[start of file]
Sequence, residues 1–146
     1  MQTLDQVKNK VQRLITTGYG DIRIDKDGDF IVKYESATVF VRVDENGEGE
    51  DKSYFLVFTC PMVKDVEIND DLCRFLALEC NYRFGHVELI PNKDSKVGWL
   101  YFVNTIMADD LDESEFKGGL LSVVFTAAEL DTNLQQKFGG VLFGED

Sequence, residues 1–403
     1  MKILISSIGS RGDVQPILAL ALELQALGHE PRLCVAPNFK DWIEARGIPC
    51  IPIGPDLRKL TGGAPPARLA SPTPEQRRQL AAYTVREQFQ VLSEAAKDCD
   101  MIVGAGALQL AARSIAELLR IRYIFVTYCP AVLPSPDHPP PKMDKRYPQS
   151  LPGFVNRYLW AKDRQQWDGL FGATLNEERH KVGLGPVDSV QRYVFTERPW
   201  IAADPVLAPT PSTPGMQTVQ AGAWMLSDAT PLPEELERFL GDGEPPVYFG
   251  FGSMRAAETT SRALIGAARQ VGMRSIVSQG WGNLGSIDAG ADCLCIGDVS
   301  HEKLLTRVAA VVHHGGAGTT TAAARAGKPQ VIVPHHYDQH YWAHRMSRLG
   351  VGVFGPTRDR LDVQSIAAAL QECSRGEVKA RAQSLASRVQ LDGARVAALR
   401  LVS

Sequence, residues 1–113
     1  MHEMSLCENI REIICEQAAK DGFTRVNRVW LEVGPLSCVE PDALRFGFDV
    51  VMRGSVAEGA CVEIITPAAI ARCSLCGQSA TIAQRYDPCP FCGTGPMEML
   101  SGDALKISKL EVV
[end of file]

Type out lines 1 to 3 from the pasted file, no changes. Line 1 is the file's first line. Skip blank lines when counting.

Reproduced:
Sequence, residues 1–146
     1  MQTLDQVKNK VQRLITTGYG DIRIDKDGDF IVKYESATVF VRVDENGEGE
    51  DKSYFLVFTC PMVKDVEIND DLCRFLALEC NYRFGHVELI PNKDSKVGWL